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Occupational disease surveillance data sources, 1985.
Muldoon-JT; Wintermeyer-LA; Eure-JA; Fuortes-L; Merchant-JA; Lier-SF; Richards-TB
Am J Publ Health 1987 Aug; 77(8):1006-1008
Under a cooperative agreement between NIOSH and the Iowa Department of Public Health, a survey was conducted to characterize the occupational disease surveillance activities of the 50 states, New York City, and the District of Columbia. The latter two entities were considered to be "states" in the data presented below. In response to questions on the reporting requirements for the six sentinel diseases, lead (7439921) poisoning, silicosis, asbestosis, mesothelioma, coal workers' pneumoconiosis, and byssinosis, 16 states answered that all six diseases were reportable. Lead poisoning was reportable in 28 states, and the other diseases listed above were reportable in 23, 22, 21, 19, and 17 states, respectively. In all, 32 states had either mandatory or voluntary reporting requirements for occupationally contracted diseases. Reporting was required of private physicians, hospitals, laboratories, nursing home administrators, labor unions, and employers. In response to questions on where the gathered information was located, it was found that individual case reports and, in seven states, summaries of case reports, were the largest sources of information. Some occupational or industry information was coded on death certificates in 31 states, and the parents' occupation was listed on birth certificates in 14 states. A central cancer registry was maintained in 32 states, but in only 18 of them were the occupational histories listed (always or sometimes). Only seven states maintained occupational disease registries other than cancer. Thirty three departments maintained a file of machine readable workers' compensation claims, but only 24 of them analyzed the data. Only four departments used hospital records to collect occupational information.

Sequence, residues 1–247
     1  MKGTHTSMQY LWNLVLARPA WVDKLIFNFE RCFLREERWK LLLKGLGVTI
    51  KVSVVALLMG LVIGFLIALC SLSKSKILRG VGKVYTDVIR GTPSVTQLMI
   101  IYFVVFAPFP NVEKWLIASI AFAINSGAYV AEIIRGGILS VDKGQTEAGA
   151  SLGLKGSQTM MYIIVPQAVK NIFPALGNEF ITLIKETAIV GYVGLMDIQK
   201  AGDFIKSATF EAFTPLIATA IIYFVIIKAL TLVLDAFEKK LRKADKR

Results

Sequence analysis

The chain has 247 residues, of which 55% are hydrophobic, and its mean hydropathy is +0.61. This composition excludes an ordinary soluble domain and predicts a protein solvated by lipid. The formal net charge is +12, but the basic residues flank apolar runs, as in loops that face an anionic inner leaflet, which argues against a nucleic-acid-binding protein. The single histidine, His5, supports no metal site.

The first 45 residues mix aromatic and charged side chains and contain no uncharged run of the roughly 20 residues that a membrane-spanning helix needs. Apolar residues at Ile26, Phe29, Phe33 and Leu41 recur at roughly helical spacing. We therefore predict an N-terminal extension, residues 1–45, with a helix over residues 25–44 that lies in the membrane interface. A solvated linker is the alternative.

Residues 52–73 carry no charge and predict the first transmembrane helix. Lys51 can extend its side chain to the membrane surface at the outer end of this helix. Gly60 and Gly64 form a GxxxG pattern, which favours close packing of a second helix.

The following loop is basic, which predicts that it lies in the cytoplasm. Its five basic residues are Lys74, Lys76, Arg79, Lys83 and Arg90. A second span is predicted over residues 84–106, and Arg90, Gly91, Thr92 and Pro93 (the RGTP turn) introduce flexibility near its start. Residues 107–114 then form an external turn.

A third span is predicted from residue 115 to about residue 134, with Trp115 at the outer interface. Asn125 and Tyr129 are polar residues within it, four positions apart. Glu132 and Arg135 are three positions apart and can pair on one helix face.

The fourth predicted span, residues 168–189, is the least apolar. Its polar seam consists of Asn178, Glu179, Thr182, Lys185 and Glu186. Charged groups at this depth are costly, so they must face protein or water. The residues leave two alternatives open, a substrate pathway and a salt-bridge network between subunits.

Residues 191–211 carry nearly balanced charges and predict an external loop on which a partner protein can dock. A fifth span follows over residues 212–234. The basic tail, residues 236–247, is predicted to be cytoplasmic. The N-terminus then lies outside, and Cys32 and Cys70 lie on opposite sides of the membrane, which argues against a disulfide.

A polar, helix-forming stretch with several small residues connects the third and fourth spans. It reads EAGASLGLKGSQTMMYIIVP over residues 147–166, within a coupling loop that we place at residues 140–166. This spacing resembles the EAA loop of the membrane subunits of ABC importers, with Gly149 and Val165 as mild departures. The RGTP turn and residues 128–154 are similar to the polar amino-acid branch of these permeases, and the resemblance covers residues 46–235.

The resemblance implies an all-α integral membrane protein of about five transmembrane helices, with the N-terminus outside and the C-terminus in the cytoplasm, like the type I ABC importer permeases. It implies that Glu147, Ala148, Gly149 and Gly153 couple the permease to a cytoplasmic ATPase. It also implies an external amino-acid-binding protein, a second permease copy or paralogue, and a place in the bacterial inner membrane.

NIOSH-Author; Health-surveys; Mortality-surveys; Occupational-diseases; Cancer-rates; Case-studies; Information-processing; Biostatistics
Joan T. Muldoon, MS. MA, Division of Disease Prevention and Health Promotion, Iowa Department of Public Health, Lucas Building. 3rd Floor, Des Moines, IA 50319
Issue of Publication
American Journal of Public Health
DC; IA; NY; WV
Page last reviewed: April 12, 2019
Content source: National Institute for Occupational Safety and Health Education and Information Division